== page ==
From Iceland — The Truth About Fermented Shark

The Truth About Fermented Shark

Published February 3, 2016

The Truth About Fermented Shark
Photo by
Ragnar Egilsson

I remember the first time I had fermented shark. Actually, I don’t. I have a confession to make: I’ve never tried it. In case you were wondering, no, this is not cause for having my citizenship revoked. In fact, it’s not uncommon. Like most Icelanders, I grew up on a steady diet of hot dogs, meatballs, hamburgers, spaghetti (with ketchup) and the occasional fish. The only time I ever really encountered hákarl was once a year at family dinner parties during the Þorri festival, a time of year when Iceland’s history is celebrated by feasting on various traditional foods that were commonly eaten in the past. I would watch my uncles dare my older brothers to eat sheep’s testicles, in a strange rite of passage that required no skill except folding under peer pressure. Icelandic traditional cuisine, in all its fermented and pickled glory, was developed under the constraints of long dark winters and the necessity to make food last over a long period of time while nothing could grow. It’s not really something to enjoy. People had two options: Eat smelly things or die.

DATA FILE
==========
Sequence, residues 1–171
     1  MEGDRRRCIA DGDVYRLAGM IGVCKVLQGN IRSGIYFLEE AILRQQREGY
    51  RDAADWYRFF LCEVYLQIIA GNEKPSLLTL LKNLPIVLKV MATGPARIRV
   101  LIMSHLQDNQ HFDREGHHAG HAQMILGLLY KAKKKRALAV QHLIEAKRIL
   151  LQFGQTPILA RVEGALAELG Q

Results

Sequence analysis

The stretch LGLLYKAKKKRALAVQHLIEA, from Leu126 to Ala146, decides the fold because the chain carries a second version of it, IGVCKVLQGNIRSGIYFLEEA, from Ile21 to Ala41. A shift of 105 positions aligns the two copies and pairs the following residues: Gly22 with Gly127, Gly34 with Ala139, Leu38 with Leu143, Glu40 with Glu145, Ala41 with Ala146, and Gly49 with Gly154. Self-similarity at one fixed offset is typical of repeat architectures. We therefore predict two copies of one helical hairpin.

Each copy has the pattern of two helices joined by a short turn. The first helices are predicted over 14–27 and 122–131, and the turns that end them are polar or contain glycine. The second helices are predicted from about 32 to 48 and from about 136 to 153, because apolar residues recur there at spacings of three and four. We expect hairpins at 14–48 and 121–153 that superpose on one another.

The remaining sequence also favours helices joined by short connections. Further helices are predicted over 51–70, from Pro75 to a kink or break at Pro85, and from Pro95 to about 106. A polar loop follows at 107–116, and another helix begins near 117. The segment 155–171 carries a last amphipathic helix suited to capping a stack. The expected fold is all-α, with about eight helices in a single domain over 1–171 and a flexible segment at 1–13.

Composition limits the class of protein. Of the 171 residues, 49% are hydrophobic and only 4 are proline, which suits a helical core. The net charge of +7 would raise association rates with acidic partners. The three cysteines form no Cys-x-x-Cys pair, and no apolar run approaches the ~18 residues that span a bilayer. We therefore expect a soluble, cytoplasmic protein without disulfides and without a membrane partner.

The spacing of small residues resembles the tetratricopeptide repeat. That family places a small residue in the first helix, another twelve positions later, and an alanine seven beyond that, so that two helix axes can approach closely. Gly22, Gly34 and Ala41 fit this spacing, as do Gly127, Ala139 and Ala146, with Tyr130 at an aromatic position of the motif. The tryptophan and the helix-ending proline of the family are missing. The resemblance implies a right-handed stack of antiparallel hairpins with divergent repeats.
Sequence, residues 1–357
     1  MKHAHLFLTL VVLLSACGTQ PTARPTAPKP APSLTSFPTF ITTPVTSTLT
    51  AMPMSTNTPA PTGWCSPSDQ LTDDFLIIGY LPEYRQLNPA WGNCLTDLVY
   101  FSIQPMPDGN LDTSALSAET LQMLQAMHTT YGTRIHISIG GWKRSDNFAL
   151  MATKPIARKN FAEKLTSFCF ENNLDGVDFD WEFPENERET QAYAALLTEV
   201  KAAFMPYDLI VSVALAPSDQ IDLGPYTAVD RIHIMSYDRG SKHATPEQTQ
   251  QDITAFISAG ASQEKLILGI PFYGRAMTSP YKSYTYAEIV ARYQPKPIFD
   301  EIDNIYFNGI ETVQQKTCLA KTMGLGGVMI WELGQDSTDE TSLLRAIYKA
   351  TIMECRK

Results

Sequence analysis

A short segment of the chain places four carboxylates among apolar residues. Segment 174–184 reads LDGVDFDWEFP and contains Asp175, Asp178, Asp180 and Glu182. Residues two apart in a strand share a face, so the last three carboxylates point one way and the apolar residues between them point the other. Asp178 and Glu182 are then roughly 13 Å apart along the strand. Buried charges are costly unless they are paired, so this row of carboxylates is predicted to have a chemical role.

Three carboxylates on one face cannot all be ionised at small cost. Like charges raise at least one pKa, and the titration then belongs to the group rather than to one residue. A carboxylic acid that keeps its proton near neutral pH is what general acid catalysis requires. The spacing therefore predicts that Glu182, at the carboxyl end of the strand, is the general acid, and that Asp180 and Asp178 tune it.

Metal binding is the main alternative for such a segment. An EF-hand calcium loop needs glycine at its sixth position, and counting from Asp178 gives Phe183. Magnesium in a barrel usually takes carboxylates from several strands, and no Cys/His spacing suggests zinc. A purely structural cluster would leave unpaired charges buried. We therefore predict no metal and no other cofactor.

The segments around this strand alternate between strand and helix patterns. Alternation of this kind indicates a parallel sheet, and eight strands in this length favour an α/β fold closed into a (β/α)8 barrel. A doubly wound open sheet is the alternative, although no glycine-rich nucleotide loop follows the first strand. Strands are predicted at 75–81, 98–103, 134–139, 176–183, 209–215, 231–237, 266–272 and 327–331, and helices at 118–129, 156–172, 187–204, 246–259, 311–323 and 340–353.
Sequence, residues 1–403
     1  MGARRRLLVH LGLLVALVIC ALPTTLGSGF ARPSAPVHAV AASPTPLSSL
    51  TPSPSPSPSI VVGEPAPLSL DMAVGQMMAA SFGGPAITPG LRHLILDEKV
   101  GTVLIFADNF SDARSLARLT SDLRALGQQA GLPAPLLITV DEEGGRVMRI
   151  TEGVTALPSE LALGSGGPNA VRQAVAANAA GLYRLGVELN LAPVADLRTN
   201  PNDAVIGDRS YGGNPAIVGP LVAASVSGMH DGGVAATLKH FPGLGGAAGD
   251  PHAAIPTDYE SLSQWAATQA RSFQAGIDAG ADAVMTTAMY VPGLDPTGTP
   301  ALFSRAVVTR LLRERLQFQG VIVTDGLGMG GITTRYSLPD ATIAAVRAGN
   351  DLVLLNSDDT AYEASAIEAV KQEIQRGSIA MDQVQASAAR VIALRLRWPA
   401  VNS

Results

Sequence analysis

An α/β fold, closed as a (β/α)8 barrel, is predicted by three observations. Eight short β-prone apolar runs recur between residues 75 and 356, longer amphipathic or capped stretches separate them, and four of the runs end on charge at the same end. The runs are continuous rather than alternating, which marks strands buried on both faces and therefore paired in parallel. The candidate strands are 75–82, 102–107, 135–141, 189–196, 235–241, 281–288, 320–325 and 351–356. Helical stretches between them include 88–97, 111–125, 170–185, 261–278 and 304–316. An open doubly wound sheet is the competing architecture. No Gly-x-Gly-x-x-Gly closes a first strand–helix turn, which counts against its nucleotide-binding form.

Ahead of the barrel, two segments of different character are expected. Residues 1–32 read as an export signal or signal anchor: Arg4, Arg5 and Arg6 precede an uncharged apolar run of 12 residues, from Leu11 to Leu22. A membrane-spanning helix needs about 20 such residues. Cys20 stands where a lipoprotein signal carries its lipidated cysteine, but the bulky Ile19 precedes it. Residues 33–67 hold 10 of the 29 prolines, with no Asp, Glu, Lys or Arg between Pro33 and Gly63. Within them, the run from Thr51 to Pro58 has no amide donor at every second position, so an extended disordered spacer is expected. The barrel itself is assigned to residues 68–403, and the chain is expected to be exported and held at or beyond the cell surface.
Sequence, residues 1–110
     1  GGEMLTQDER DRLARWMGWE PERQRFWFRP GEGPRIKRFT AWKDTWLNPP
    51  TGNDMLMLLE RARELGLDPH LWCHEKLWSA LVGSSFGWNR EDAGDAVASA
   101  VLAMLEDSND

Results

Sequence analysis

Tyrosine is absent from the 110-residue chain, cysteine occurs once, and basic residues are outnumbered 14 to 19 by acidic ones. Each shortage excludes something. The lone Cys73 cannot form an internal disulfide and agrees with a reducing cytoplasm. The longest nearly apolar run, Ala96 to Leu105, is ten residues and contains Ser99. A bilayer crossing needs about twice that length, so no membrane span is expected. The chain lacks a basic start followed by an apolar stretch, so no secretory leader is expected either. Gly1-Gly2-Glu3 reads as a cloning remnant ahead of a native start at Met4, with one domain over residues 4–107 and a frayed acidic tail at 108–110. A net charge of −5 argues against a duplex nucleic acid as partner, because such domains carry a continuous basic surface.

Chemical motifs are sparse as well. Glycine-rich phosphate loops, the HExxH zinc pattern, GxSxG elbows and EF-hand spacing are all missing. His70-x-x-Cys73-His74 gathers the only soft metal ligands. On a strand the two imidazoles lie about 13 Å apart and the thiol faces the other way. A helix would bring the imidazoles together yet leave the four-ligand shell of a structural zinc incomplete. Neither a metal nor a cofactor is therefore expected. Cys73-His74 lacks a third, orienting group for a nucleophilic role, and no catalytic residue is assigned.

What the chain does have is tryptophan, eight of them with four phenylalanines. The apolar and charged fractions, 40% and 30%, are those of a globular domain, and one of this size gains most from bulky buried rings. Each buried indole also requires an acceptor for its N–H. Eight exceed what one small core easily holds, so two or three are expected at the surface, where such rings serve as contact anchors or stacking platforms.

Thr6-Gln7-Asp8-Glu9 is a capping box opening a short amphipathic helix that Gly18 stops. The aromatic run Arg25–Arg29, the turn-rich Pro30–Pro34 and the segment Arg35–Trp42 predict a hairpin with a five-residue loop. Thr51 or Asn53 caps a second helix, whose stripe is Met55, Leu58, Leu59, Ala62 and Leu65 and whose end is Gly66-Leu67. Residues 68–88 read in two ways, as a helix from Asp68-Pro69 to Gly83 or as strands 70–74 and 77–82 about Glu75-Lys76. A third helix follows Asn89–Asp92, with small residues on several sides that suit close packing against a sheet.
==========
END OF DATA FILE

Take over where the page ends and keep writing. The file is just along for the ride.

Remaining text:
As soon as Iceland became industrialised in the 20th century, that urgency to make food last by any means necessary subsided. I didn’t really see hákarl in supermarkets when I was growing up. No one wanted it. When Þorri season was gone, so was the hákarl. But with Iceland’s growing popularity as a destination, so grew hákarl’s infamy. It has arguably surpassed surströmming as the ultimate putrid Nordic delicacy (suck it, Sweden!). People staying in Iceland can’t wait to try it and the rising demand has far exceeded the short season of Þorri. Now you can get it all year round, something unheard of twenty years ago. It’s even available in 24/7 convenience stores, if the sudden urge for shark that was buried in the ground for three months hits you at four in the morning. The old tradition of eating hákarl once a year to celebrate Iceland’s history is all but gone now. The new tradition has become sadistically convincing visitors that they must eat it or else commit a faux pas, and then laugh at the inevitable writhing, groaning or possibly barfing that comes with it.

So when you go to a supermarket and think to yourself, “Wow, those Icelanders sure eat some weird things. We gotta try it!”, know that those things are actually there for you. Meanwhile, I will be by the condiments section, filling my cart with oyster sauce and yellow mustard.

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